Casey Marley - News Editor
news@insideuab.com

EarthFest 3TreeCampus RGBUAB sustainability efforts was named Tree Campus USA (Photo by Casey Marley). On April 9, students lined up on the Campus Green to meet vendors from eco-friendly area businesses that discussed their initiatives while serving food to UAB Earth Month Festival attendees.

The Festival, sponsored by Julie Price, UAB’s Coordinator of Sustainability and the student organization Green Initiative, included booths from local businesses like Redemptive Cycles and East Lake Farmer’s Market, and organizations like Alabama Environmental Council and the Keep Birmingham Beautiful Commission. Students also got to sit inside eco friendly cars ranging from the Chevy Volt to the Tesla Model S.

“I love seeing the fact that we’ve come so far from the industrial age,” said freshman Eli Foree, who attended.

While students enjoyed the free ice-cream from Alabama Power and coveting $70,000 electric cars, the story behind the Festival was the real purpose of the campus celebration: preparation for Earth Day 2015.

Beginning on April 22, 1970, Earth Day was created by the Earth Day Network as a means to launch the environmental movement in America, leading to legislation like the Clean Air Act, Clean Water Act and the Endangered Species Act. While Earth Day may seem like a trite nod to hugging trees, its inception in 1970 was a call to action in addressing ignorance to problems that over 100 years of industrialization had caused: heavily polluted rivers, smog laden cities and rapid disappearance of wildlife, according to the EDN website.

According to a 1968 report of air pollution from Public Health Reports, the Jefferson County Department of Health measured the city’s visibility, which at times was restricted from less than six miles to even less than one mile due to air pollution. The report continued to say that in 1968, Birmingham had double the particle emissions of Chattanooga, Tenn.’s 204 million pounds per year, a city that in 1969 was named America’s most polluted city by the EPA.

Today, Birmingham’s air quality has improved thanks to Earth Conscious legislation created in the 1970’s, like the Clean Air Act, which has set air quality standards that cities must meet.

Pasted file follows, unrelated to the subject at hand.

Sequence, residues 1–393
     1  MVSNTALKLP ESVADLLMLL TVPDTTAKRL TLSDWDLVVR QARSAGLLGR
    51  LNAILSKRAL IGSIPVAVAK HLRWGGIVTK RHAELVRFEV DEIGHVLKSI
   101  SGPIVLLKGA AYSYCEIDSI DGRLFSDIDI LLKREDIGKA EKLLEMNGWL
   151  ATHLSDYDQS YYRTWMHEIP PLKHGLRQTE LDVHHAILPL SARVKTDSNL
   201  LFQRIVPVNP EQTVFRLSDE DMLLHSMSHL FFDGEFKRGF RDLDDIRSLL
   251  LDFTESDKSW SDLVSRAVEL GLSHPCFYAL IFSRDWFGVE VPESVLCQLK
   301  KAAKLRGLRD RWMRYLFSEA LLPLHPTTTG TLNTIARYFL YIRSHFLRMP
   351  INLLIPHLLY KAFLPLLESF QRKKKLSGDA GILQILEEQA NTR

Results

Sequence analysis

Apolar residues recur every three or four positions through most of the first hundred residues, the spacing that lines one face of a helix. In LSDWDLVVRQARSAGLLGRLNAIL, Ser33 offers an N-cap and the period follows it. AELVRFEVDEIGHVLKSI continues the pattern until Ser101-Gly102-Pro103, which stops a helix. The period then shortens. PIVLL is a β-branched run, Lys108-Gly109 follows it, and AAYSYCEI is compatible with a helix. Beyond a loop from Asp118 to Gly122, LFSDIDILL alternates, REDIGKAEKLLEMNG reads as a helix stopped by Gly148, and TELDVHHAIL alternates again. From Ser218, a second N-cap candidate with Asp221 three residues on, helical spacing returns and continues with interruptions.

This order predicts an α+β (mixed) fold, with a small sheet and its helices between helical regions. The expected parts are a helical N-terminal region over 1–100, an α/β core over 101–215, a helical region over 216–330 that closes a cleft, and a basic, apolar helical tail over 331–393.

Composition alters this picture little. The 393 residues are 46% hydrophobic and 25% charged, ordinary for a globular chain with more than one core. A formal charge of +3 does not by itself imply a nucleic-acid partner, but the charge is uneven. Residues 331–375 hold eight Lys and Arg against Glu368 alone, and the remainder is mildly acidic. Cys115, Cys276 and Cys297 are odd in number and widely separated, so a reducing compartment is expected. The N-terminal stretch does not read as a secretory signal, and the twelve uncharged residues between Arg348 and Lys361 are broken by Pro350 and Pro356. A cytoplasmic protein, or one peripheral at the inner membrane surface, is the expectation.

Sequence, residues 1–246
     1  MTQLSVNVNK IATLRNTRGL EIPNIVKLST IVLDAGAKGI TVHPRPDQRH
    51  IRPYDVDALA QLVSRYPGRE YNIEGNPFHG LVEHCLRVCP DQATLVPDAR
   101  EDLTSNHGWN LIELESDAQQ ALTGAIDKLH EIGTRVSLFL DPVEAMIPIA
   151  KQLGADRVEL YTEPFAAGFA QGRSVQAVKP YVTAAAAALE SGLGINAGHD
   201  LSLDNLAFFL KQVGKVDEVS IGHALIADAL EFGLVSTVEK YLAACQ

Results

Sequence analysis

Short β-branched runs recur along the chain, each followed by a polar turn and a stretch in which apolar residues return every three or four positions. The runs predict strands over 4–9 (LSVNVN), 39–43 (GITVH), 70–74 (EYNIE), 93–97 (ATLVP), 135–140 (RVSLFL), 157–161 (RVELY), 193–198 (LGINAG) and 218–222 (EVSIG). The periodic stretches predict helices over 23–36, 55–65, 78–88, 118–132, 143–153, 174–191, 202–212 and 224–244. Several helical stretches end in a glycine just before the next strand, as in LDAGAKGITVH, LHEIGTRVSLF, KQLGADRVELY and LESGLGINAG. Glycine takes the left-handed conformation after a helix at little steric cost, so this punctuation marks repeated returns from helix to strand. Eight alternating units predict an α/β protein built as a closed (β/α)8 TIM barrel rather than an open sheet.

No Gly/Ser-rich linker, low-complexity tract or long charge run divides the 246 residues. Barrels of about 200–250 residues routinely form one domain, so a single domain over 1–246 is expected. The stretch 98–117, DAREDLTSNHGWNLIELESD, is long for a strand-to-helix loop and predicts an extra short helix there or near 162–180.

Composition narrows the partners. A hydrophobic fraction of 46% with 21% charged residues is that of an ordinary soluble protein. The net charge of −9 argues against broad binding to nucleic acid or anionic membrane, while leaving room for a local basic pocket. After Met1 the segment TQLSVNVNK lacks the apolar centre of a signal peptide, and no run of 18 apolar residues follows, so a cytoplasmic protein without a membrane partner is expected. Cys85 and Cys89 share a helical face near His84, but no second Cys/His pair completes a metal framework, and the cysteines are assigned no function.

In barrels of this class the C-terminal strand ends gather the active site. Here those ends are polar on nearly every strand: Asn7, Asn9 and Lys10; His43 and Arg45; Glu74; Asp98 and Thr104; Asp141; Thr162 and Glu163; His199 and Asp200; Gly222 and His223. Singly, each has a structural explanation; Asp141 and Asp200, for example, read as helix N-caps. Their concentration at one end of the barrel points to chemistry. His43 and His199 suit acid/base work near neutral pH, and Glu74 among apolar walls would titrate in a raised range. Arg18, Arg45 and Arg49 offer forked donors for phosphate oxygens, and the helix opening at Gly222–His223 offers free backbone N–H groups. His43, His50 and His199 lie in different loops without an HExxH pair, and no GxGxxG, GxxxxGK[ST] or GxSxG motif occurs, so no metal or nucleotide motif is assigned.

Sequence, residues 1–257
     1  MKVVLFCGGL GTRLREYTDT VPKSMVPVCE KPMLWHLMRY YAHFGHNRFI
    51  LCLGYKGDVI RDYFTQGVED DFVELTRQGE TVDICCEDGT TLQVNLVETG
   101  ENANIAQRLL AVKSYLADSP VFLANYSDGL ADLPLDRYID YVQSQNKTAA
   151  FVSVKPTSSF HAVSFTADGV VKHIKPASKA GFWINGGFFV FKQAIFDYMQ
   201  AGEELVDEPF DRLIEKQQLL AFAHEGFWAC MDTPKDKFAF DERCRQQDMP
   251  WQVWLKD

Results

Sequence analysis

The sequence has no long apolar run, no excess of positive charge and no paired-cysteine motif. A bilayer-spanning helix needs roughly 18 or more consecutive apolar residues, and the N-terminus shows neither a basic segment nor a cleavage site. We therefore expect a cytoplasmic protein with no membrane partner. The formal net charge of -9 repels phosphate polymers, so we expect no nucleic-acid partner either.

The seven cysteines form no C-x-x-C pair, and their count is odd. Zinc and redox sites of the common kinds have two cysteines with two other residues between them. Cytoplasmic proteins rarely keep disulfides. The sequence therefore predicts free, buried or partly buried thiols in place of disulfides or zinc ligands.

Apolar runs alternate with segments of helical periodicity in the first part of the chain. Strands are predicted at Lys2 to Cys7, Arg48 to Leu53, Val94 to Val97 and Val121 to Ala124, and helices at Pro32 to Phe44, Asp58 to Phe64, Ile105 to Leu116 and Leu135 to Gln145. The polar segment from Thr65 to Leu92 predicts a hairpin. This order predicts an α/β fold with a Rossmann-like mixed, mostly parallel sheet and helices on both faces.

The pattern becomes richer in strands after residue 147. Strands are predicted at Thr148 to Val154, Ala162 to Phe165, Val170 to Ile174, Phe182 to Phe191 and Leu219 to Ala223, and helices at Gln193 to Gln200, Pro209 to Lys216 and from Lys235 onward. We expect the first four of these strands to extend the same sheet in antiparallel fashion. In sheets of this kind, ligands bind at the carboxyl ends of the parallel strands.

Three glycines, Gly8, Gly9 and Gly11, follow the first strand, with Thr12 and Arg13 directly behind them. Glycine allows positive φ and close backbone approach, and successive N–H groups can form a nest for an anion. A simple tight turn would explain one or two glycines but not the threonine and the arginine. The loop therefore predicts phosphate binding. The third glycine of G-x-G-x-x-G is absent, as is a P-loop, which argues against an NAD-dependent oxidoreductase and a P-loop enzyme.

Since UAB’s founding in 1969, the university has also aided in cleaning Birmingham’s air through an “incredible partnership with the city in sustainability,” according to Price.
As the major contributor to the city’s economy and the state’s largest employer, UAB’s sustainable operations and initiatives has “ripple effects throughout the city and state as [the] students, faculty, staff and business/non-profit partners take what they see here back to their homes and communities,” she said.

While UAB’s steps to sustainability have improved Birmingham as Price noted, the University and the city can still use its resources in a more efficient way to help future generations by “giving people better ways to reduce energy and water use, recycle and get things fixed instead of buying new,” she said.

Rachel Thompson, the president of UAB’s Green Initiative, echoes Price’s sentiment. “In recent years, UAB has made some notable advancements in becoming more sustainable. As a campus, we are generating less waste, recycling more, and saving more energy than we ever have before, which is fantastic,” she said. “There is still room for us to grow in that aspect, though, which is why UAB students need to know –and care about– what sustainability means; the more we know, the more we can encourage UAB administration to continue making UAB ‘greener.’”

According to Thompson, the Green Initiative is moving “beyond advocacy to implementation,” and with help from UAB’s Sustainability Fund will be placing recycling bins on every floor of UAB’s dormitories in fall 2015.